So with pretty basic materials you can knock out a SE shot pouch for little cost. Honestly for around $140 you could buy a hide and some wool tape (Ike waters has a nice how to on making mocs similar to the Aberdeen moc) and have a nice pair of SE mocs, garters and bag (wool tape is nice gartering…looks like the guy in the image may be wearing some huh) Take the extra $ you didn’t spend on weirdness and buy a book.
To keep the randomness going Here is some kewl info on Coal mines around Fort Ptt in the 18th cent. Yes they used coal to heat stuff around the fort. If you’re from western Pa this shouldn’t surprise you since your house is probably built over an abandon coal mine. A neat detail to my geek eye the diagram in Michael’s Journal (not posted here but you can find the whole journal in google books ) is dead on for the Diderot plate diagram.
“Our business being finished we decamped, and began our march for Fort Pit, where we arrived in the middle of November 1764, and remained there all winter, and the better part of next summer. During our stay here, we were employed in bringing coals into the garrison, over the ice, in bags made of cowhide. The pit from which they are extracted is on the other side the river Maninghally, where it is supposed there is a very large mine there."
David McClure Aug 21 1772…The village is about ¼ mile distant & consists of about 40 dwelling houses made of hewn logs & stands on the bank of the Moningehala; opposite on the south side** of the river is a hill of several miles in length, running parallel & extending to the bank, which appears to be a body of stone coal. It took fire accidentally a year past, & has formed a small by the caving of the earth. The coal is used by the inhabitants.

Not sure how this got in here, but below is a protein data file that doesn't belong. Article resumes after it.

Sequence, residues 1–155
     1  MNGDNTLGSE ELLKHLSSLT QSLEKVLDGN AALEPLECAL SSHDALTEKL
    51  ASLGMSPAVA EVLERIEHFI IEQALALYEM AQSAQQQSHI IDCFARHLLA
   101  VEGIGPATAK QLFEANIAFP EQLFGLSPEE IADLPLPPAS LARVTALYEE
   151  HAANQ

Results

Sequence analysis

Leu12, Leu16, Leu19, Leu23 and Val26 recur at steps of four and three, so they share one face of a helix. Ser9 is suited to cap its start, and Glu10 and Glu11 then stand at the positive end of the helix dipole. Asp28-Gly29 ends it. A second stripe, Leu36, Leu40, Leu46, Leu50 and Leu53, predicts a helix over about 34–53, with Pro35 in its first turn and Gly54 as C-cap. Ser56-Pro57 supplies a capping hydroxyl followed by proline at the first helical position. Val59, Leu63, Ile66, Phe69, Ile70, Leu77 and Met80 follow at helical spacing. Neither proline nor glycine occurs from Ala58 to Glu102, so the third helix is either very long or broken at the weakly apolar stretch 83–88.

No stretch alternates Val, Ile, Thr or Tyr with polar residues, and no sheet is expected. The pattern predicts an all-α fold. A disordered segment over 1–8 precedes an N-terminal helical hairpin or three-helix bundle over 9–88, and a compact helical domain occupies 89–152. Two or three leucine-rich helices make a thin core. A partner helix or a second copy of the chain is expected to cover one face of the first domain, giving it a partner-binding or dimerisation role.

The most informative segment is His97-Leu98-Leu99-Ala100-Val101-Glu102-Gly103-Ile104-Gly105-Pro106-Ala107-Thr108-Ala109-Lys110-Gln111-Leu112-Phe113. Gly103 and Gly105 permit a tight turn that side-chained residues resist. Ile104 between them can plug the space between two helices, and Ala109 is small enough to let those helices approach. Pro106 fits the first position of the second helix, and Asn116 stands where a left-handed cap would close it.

** Note from BT : It’s spelled South Side but you say it ”Sahside” say it right Ya Jagoff!!!
“a Journal of the whiskey Insurrection”
William Michael 1794
Nov 17th “I then Proceeded until I came to a stone cole mine through a strange woodland, the phenomena of which I had several times heard of. I went into the mouth thereof and called into it, if they would admit me; which eched and rolled for a minute nearly seemingly as an huge hollow vessel and was answered from within; which I could not comprehend, but thought they forbid me entering. I waited a moment, much disappointed; at length there came one of them out of the cave, and I then asked him to take me with him, which he seemed willingly to comply. He then Hallooed to some within to bring him a candle to light a stranger in, in French, and soon came one with the candle and black as the devil, enough to frighten one. He then ordered me to follow him in broken English, through a long entry, seemingly strongly smelling of sulphur, and yellow fat liquid running along the walls and under foot which they have laid with planks to make it more easy to wheel the cole out. They Then led me along gangways that intersected or run across the first. I was soon lost within it and suppose I could have with difficulty found the way out again. To give a more plain description of the cave will be by illustrating it as below. They were all French men that worked in it; They appeared as so many beings from the bottomless pit; they looked consumpted and emaciated”
So that’s my random weirdness for the week. Did the Cherokees scouting for the English fill their D shaped pouches with coal? Not a clue….But I do know it’s snowing out right now so Rather then drive to Niagara I’ll be spending the morning hunting. Who knows I may even take out the new Shot pouch…or the blue plush one…or the otter one….or the one I rigged up based on Doddridge and Alders descriptions or….I’ll just stick stuff in my pockets. I need help. Before I forget Mike Galban has started a really sweet blog called "Edge of the woods" http://edgeotw.blogspot.com/ He's been posting some really great stuff. For example I learned he's a middle aged man...didnt see that one coming. His fire arrow craze is no older then 16 at the most....